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Avoiding Glass Delamination and its Associated Problems

Wednesday October 23, 2019

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Glass that is being installed into a building has very specific safety standards to adhere to, particularly with respect to glass type, requirements of which vary widely according to the location and purpose of the glass. Windows for example, typically require the use of annealed glass (sometimes called float or sheet glass) but this wouldn’t be appropriate for structural glazing such as balustrade, because annealed glass doesn’t meet the line load requirements for use as a safety barrier. Heat strengthened glass is a fortified version of annealed glass, produced by heating and slowly cooling it – this extra fortification can enable the glass to be used for structural installations, again depending on the line load requirement for the specific purpose. Toughened glass is another fortified version of annealed glass, where increased strength is achieved by heating the glass to an even higher temperature before cooling it rapidly. Toughened glass is typically used for glass door panels and low-level windows as well as some structural glass installations such as balustrade.

Any of these glass types can be sandwiched together to create laminated glass and in respect of balustrade, it is normal practice to bond two panes of toughened glass. The glass is bonded using an interlayer, typically plastic or glue, although there are many main types of interlayer each with its own characteristics. The most common interlayers include PVB (Poly Vinyl Butyral), EVA (Ethyl Vinyl Acetate), SGP (Sentry Glass) and CIP (Cast in Place).

While laminating two sheets of glass together doesn’t necessarily amount to a higher force loading capability (due to movement of the two individual panes of glass under pressure), it is a much safer material to use for balustrade. With laminated glass, in the unlikely event that one pane of glass breaks, the glass shards will largely remain stuck to the interlayer avoiding further damage and potential injury resulting from displaced broken glass. Additionally, in the event of a breakage involving one layer of the laminated glass, there is still a second layer that can serve as a temporary barrier until the pane can be completely replaced.



Water immersion is the primary cause of glass delamination, so when using laminated glass in an external installation it is important to consider a water drainage solution for the channel. If water is allowed to collect inside the channel, it can begin to seep in between the interlayer and the two glass panels and over time the seepage will grow, causing the layers to separate.

A secondary, but less likely, cause of delamination is the collection of rainwater in the tiny groove at the top of the laminated glass, between the two glass panels and above the interlayer. This only happens if the interlayer doesn’t finish flush with the top of the glass and in a particularly wet environment when the water caught in the groove doesn’t get a change to evaporate naturally.



Glass delamination usually takes place from the bottom up, since the area affected by water immersion tends to be at the bottom of the glass, inside the channel. The first visible signs of glass delamination is a cloudy opaque quality to the glass, working its way up from the bottom. Opaque glass of course, defeats the purpose of using glass as a material in the first place and the discolouration can look unattractive.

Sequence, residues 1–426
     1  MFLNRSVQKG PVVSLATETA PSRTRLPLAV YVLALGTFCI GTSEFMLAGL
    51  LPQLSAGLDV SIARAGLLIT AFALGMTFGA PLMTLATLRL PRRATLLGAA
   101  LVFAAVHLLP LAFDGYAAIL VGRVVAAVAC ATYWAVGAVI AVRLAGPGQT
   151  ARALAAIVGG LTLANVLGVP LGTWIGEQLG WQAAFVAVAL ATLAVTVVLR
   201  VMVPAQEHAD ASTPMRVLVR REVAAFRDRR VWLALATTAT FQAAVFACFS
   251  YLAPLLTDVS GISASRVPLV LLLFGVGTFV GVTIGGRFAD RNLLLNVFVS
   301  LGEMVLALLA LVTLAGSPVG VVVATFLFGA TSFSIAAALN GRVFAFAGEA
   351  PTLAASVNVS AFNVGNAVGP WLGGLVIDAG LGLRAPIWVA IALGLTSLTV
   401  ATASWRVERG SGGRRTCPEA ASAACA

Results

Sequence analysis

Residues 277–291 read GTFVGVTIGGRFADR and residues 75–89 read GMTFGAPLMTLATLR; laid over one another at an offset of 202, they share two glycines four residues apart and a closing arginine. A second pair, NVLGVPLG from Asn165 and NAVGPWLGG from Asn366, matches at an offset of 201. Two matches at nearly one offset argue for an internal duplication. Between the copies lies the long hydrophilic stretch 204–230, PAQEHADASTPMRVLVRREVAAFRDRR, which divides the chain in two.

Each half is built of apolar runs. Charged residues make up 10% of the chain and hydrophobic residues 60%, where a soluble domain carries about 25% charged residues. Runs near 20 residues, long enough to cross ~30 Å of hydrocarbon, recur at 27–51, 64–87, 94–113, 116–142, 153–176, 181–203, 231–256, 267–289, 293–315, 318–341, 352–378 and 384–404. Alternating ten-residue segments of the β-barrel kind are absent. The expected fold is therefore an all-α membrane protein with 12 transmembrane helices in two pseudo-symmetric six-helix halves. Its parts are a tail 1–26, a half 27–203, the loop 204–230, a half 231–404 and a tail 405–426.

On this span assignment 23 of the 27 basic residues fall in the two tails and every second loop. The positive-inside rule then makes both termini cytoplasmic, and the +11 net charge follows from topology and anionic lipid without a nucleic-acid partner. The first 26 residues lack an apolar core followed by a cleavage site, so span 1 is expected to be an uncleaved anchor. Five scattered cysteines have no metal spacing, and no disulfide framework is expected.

Once the delamination process has started, it escalates rapidly and the glass will need to be replaced, even if the cause of the delamination is addressed. When wind hits laminated glass, it causes the individual panes to vibrate which the interlayer allows for, except when it is perished which can result in the glass panes vibrating against each other causing breakage. And when delaminated glass breaks, there is a greater risk of both panes shattering at the same time.



The key to avoiding glass delamination problems in your exterior glass balustrade installation is to create water drainage points from inside the channel, to prevent water pooling and subsequent glass immersion. Although most channels are fitted with a top bead and/or gasket that lies flush with the glass, these are to prevent debris from getting inside the channel, they are not watertight.

The best place to create drainage points for the channel is at the end of the channel, and there are two ways of doing this depending on whether you are finishing the channel against a fixed feature or not. If the channel ends against a wall or other feature, leave a 2mm gap between the channel and the wall and this will enable water to drain out sideways. Alternatively, if you are fitting an end cap to the channel, drilling a 7mm+ hole into the end cap will provide water drainage. Any smaller than 7mm and you run the risk of the hole ‘self-sealing’ over time. It is also possible to drill drainage holes into the channel itself, one hole every two-metres should create sufficient drainage points to keep the channel clear of water. When drilling into the channel or end cap, it’s important to ensure that the drill holes sit below the bottom of the glass panel, to avoid water immersion.

If your balustrade is in an area prone to water exposure and you wish to protect the top of the glass from delamination, a handrail can be used to protect the top edge of the glass from the elements. For a subtler finish, try using a C-strip handrail. As well as keeping your interlayer dry, handrail creates an extra line of defense in the event of a pane of glass being broken. Find out more about balustrade handrail by clicking here.

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